Smaller and medium-sized businesses often do not have the resources, time or dedicated teams to focus on their IT needs, while ensuring they have the right solutions in place to defend themselves against cyberattacks. They also do not think they are as much of a target for hackers, as they may not have as much revenue or data compared to larger and more corporate organisations, with 66% believing a cyberattack would be unlikely. However, according to Accenture’s Cost of Cybercrime Study, 43% of cyberattacks are aimed at small businesses, and only 14% are prepared to defend themselves.

Instead, by partnering with an MSP who can act as an external security partner for the SMB to help them achieve cyber resilience, the pressure and responsibility of defending the business against cyber threats will lay with the expert in the channel. This creates a unique opportunity for MSPs to guide customers on their cybersecurity journey and ensure they are receiving relevant education and have the right technology and tools in place to protect the business. It also helps the MSP to differentiate themselves from the ever-growing and competitive channel market, enabling them to become trusted IT security advisors for the businesses they support.

Critical Support Partner

Whether a business is big or small, investing in its cybersecurity foundations is not optional – it’s business-critical, especially in today’s threat landscape. By identifying the gaps in their cyber needs, or allowing an MSP to make these judgments, a strong infrastructure can be built upon the businesses existing setup. These solutions can be custom-built and tailored to each individual organisation, including email and endpoint protection, ongoing end-user training, as well as access services, such as ZTNA solutions.

With security breaches showing no signs of slowing down, MSPs must be constantly vigilant and develop cyber resilience approaches that go beyond deploying security solutions. This means having not only the market-leading technology available, but also the technical expertise to support business security plans and growth. MSPs must take a proactive role in understanding the current state of a customer’s ability to protect against, prevent and respond to modern cyber threats when recommending the best approaches to true cyber resilience.

For example, MSPs who roll out Office365 to their client base are not tapping into their customers’ needs for peace of mind when it comes to cybersecurity. Instead, they should add value to the partnership by emphasising good cyber security practices, providing the right tools and technologies and looking at specialist vendors – rather than providing a one-size-fits-all solution. Channel partners can both capitalise and draw on the importance of demonstrating to customers the benefits they bring by continuing their role as trusted advisors – resulting in growing their revenue while ensuring their key partner status.

Investing in Technology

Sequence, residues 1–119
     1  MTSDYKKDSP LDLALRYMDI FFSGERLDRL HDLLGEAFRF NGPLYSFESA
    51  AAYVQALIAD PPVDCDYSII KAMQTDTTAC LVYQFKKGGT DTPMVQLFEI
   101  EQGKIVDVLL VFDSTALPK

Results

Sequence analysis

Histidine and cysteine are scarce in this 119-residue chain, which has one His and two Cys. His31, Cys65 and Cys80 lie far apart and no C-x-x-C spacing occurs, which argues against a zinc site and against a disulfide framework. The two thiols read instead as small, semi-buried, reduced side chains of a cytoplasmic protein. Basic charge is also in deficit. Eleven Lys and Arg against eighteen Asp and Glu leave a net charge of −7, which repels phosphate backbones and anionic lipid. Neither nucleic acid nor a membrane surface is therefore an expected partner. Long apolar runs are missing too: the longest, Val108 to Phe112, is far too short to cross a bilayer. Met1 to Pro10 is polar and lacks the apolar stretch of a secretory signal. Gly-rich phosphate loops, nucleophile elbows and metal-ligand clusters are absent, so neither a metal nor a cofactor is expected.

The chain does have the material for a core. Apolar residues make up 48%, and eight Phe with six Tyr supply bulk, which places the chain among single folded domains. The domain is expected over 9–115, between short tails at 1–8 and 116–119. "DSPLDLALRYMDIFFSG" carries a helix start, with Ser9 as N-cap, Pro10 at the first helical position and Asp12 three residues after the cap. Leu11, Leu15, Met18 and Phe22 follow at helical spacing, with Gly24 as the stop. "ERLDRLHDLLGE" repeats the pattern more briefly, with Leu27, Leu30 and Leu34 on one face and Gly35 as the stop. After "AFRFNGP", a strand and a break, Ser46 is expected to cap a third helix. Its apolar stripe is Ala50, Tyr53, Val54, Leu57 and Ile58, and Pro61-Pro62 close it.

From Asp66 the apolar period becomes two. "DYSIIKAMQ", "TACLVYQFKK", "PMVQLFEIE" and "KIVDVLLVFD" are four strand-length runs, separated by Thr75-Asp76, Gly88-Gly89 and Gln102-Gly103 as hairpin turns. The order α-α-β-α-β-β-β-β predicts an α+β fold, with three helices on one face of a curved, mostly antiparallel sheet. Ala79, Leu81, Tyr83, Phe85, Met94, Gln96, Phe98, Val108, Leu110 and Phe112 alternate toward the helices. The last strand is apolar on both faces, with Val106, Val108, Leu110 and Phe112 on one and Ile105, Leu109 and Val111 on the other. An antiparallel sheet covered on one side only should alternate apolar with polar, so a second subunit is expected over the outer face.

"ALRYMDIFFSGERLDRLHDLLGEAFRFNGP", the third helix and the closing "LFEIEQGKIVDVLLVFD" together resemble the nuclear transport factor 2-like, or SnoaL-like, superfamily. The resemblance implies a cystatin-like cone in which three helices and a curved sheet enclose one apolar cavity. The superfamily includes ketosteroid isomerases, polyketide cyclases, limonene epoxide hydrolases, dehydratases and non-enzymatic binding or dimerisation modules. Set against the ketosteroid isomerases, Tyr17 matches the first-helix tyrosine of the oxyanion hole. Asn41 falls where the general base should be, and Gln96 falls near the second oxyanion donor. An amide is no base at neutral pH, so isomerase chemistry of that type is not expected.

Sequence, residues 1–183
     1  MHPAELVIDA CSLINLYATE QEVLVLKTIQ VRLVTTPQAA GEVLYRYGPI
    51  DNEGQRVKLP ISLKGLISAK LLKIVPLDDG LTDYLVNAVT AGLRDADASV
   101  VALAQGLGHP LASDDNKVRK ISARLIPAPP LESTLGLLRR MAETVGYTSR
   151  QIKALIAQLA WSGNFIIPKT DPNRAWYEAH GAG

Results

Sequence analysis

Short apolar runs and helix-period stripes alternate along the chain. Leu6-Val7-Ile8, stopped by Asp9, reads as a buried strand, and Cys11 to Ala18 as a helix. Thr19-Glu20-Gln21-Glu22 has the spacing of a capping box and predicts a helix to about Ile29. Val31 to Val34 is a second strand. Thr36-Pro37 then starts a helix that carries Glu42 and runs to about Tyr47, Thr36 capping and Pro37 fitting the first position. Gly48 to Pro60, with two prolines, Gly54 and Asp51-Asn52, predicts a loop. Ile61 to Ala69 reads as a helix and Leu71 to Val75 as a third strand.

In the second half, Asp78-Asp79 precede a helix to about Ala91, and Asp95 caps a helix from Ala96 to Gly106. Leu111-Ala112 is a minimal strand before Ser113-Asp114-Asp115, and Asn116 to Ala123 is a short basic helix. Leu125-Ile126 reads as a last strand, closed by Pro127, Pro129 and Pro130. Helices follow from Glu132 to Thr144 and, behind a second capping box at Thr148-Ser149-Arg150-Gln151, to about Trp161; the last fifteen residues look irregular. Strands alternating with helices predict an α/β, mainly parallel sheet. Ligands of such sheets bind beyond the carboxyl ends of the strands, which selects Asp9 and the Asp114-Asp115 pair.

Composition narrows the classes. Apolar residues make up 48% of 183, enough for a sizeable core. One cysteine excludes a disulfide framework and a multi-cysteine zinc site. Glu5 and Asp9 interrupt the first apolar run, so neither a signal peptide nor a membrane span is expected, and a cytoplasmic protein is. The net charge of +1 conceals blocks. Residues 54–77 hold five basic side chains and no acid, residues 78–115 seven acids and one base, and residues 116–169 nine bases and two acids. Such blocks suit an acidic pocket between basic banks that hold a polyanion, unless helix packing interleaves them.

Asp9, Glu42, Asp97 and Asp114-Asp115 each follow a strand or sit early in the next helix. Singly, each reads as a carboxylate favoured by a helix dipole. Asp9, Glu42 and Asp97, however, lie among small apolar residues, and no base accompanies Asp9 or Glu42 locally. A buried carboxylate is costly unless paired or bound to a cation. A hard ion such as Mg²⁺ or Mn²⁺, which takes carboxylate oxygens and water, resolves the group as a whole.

An MSP’s portfolio should provide the correct tools and solutions businesses need to survive and thrive in the new normal. Businesses of all sizes prioritised their move to digital workspaces during COVID-19, including remote teamwork, learning and critical cloud infrastructure, with Microsoft’s Chief Executive saying that they’ve seen two years’ worth of digital transformation in two months. Innovative technologies can form the backbone of a workforce’s security foundations by adding layers of technology protection alongside employee tools and security awareness. Solutions can be embedded to prompt users to double-check their emails before a mistake is about to be made, for example, mitigating the risk of accidental data loss.

Additionally, security awareness training within businesses has become a security necessity. Without peer review or IT supervision, organisations need their users to be empowered to make good security decisions. Rather than a once-a-year cyber awareness course – often used to tick a compliance box – today’s businesses must invest in ongoing training, phishing simulations and solutions to help their employees make the right decisions – wherever they are working.

This is an important point for channel partners to take on board, as they have the power to ensure their customers’ end users are sufficiently trained in the threat landscape. Have they engaged in phishing penetration testing? Is sending an email to the wrong person an embarrassing mistake or a data breach? These are just some of the key questions MSPs should be asking when they look to fulfil their trusted advisor role. This is an area where partners will see real growth as businesses have woken up to the idea that with the right solutions, they can switch their employees from IT risks to IT assets, and the channel needs to ensure they have the necessary training and tools in place to help their clients make these decisions.

Conclusion

Organisations cannot be expected to stay one step ahead of cybercriminals and adapt to new threats on their own. Within the evolving cybersecurity landscape, it’s essential for businesses, especially SMBs, to find a partner that offers a varied portfolio of security offerings, as well as the knowledge and support, to keep their business data, workforces and networks secure.